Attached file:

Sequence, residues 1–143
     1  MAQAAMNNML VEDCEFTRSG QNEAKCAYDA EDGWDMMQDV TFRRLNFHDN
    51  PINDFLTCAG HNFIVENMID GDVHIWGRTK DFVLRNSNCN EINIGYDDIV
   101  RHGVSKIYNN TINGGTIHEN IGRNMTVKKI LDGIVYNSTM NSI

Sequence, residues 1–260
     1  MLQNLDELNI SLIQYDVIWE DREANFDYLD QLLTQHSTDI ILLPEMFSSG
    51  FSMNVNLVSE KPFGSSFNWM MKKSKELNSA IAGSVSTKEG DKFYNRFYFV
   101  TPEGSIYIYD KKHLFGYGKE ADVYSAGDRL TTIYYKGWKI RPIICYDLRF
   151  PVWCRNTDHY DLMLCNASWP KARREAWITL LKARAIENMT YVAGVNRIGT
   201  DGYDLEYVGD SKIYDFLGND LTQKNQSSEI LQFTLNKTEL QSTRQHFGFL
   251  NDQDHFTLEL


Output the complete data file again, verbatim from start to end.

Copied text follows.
Sequence, residues 1–143
     1  MAQAAMNNML VEDCEFTRSG QNEAKCAYDA EDGWDMMQDV TFRRLNFHDN
    51  PINDFLTCAG HNFIVENMID GDVHIWGRTK DFVLRNSNCN EINIGYDDIV
   101  RHGVSKIYNN TINGGTIHEN IGRNMTVKKI LDGIVYNSTM NSI

Sequence, residues 1–260
     1  MLQNLDELNI SLIQYDVIWE DREANFDYLD QLLTQHSTDI ILLPEMFSSG
    51  FSMNVNLVSE KPFGSSFNWM MKKSKELNSA IAGSVSTKEG DKFYNRFYFV
   101  TPEGSIYIYD KKHLFGYGKE ADVYSAGDRL TTIYYKGWKI RPIICYDLRF
   151  PVWCRNTDHY DLMLCNASWP KARREAWITL LKARAIENMT YVAGVNRIGT
   201  DGYDLEYVGD SKIYDFLGND LTQKNQSSEI LQFTLNKTEL QSTRQHFGFL
   251  NDQDHFTLEL